Froðbiar Sóknar Bluesorkestur «If The Ocean Was Wine» (Tutl, 2015)
Let’s not be snobs. The rock band’s album with a long title «Froðbiar Sóknar Bluesorkestur» turned out very pleasing to ears. One shouldn’t wait something miraculous from it, of course. The blues from the shore of the Atlantic Ocean is not very different from the typical one. So, basically, it can be played anywhere in the world. The musicians haven’t even tried to “reinvent the wheel” – just used the “ready-assembled” one. Such, almost childish spontaneity, wins over. You almost see, how all these respectable gentleman sit in their garage somewhere on the Faroe Islands, sip beer, smoke, and compose masterpieces a la B.B.King, or even make covers for his songs (the album, besides, includes the “Worried Dreams” of his own composition). I don’t want to judge «If The Ocean Was Wine» seriously. There’s nothing to analyze about it, no use to take any comparisons or find undermeanings. You just want to listen to it once, to appreciate the presentation of musical content, to have a good time, and then just to put the CD on the shelf and, perhaps, never listen to it again. Not because it’s completely bad (I’ve mentioned, that it’s nice), but ‘cause we’ve heard this for many times.
Heri Kragesteen «Silas Og Aðrir Sangir» (Tutl, 2015)
I suppose, it’s children’s CD. I don’t know Faroese language, but the booklet implies, that the album was foremost recorded for younger generation. Despite this fact, «Silas Og Aðrir Sangir» sounds sometimes rather adultly. Especially the first, absolutely hit record Mín Lítla Sól». But every other compositions don’t abound with infantilism, by the way. Along with pleasing to ears singing of Beinta K. Clothier and Annfinnur Heinesen, you’ll also meet magnificent musicians in this album: Uni Debess, Ólavur Olsen and Edvard Nyholm Debess. One will have good time, listening to this CD. There’s something very sincere about it (while writing this, I listen to the queer “Silas” and smile), that fascinates you immediately. In this regard, you don’t need to understand, what is sung in it about. You should just trust, and, without any hesitation, go walking to the wood and meet fish, zebras, tigers, elephants and other residents, living there. I should admit one thing, by the way. Children’s music doesn’t have any nationality. Some songs are assonant with ours. How nice the «Jóanes Í Trøðum» is! I think, I’ll listen to it once more.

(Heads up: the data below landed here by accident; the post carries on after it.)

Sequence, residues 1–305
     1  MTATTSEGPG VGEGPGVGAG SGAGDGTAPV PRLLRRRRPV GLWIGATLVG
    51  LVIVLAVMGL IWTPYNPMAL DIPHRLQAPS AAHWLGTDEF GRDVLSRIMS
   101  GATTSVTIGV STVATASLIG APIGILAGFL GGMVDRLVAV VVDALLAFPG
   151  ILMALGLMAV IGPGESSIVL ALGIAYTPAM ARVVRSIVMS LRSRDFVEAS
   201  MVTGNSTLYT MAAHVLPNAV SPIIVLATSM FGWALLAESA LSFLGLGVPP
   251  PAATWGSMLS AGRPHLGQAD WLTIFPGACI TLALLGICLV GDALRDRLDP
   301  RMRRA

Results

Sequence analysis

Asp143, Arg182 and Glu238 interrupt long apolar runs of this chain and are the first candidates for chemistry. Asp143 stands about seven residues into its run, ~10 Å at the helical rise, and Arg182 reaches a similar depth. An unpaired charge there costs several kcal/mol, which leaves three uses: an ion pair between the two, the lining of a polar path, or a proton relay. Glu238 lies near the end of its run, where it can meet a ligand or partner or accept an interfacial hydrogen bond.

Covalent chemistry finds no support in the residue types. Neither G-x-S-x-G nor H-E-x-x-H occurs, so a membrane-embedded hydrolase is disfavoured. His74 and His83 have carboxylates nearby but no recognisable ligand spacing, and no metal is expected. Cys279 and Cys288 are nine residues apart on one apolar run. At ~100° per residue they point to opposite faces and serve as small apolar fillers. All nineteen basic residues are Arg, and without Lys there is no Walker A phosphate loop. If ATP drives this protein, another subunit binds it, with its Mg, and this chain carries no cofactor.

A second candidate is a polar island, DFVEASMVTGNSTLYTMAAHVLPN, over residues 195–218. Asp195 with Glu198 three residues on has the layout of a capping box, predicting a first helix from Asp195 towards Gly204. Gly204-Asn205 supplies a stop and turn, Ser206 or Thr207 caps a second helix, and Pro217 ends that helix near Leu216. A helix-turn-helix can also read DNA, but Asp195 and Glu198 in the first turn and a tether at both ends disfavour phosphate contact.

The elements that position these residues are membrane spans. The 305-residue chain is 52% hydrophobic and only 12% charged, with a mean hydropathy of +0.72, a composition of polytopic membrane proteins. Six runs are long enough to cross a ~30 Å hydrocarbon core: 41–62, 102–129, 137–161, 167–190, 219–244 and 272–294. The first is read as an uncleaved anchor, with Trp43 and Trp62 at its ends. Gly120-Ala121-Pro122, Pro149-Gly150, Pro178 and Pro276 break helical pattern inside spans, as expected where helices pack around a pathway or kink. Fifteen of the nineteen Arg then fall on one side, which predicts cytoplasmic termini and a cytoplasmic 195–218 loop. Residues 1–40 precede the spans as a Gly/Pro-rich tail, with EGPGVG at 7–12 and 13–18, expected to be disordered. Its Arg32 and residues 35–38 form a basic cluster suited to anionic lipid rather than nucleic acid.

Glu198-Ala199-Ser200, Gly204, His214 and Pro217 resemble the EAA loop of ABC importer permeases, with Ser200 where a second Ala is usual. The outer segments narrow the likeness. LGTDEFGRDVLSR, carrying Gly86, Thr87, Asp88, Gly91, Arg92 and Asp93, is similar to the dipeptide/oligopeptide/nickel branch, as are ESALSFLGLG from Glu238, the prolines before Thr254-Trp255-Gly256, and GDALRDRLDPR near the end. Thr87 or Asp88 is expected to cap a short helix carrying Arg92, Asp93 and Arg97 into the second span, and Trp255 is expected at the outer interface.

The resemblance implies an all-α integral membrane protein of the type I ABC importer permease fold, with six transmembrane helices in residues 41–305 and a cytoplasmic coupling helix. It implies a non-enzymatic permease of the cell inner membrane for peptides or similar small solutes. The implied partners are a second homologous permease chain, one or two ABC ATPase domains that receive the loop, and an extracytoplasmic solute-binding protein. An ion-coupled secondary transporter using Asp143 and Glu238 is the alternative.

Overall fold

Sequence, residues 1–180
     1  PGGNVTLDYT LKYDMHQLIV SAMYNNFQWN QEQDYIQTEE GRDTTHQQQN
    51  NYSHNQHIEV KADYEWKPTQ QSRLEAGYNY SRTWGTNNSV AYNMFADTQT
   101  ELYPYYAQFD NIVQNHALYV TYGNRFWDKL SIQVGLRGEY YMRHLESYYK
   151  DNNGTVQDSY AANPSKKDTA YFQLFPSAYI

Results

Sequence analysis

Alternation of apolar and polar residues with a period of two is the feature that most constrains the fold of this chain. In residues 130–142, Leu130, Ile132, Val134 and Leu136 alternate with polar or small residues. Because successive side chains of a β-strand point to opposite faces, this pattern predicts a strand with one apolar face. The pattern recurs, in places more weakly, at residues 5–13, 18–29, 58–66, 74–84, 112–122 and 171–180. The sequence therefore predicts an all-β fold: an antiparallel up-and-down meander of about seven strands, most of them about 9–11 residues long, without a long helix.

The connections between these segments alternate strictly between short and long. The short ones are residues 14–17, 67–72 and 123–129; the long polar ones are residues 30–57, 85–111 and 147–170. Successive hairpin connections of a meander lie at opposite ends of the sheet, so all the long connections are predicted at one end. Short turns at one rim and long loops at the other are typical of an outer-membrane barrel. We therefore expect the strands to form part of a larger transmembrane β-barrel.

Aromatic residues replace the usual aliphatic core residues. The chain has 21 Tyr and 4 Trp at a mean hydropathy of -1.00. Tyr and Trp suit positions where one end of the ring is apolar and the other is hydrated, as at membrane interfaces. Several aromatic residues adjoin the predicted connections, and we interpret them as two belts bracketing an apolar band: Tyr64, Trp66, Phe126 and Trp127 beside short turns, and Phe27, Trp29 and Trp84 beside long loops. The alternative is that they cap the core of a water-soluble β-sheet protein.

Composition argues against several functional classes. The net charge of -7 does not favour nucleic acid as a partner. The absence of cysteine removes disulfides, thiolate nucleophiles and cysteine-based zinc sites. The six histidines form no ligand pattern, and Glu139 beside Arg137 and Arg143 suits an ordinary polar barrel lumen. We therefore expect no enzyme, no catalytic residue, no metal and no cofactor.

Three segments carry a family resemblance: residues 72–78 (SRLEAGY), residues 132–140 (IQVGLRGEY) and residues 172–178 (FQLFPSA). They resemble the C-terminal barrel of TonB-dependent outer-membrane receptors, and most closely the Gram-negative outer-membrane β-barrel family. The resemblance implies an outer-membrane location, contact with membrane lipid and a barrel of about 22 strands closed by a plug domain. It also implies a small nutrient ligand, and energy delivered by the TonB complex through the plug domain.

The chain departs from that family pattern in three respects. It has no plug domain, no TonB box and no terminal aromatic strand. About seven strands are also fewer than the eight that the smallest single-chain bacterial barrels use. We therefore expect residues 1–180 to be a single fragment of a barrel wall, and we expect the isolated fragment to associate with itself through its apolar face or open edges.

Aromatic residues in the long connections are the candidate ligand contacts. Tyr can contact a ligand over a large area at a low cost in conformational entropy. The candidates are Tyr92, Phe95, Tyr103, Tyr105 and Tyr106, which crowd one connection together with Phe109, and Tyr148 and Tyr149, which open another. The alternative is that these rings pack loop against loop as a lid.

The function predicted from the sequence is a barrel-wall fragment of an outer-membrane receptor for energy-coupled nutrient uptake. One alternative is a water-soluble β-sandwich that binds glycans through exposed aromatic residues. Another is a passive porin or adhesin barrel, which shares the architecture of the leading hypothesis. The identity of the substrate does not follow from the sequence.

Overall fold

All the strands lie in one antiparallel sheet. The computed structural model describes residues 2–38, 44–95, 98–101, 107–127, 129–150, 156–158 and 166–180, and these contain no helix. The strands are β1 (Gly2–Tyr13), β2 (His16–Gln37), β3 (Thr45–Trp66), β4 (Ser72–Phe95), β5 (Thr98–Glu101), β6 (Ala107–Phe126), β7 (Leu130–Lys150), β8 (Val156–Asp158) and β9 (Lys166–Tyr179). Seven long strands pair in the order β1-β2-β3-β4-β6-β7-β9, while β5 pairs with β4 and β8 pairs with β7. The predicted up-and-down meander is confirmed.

Kvonn «Einglarót» (Tutl, 2015)
One of the projects of irrepressible Kristian Blak, band Kvonn, realized its second CD. I should admit, I haven’t found many differences between this and their first album. To my mind, though, «Einglarót» sounds more dignified: the violin takes the backseat and gives place to the flute (the booklet doesn’t inform, who plays it), guitar and mandoline. Generally, the band members are the same. Angelika Nielsen plays the fiddle, Ívar Bærentsen, Mikael Blak and, of course, Kristian Blak personally. You don’t find traditional music in it. There’s very good “fakes”, written by Angelika and Ívar. Kristian Blak plays in this album, rather, only the role of musician. None of the 12 compositions was written by him; he’s arranged only two songs: the traditional Faroese «Annað Land» and the Scottish «Auld Swaara». By its new album Kvonn proved, that the project is se self-contained and not the clone of Yggdrasil. It’s a different story, in which ethnic music runs the show No jazz. Only Scandinavian folk music and nothing beside this.
Reviewer by Anton Kovalsky.
Translated by Irina Boiko.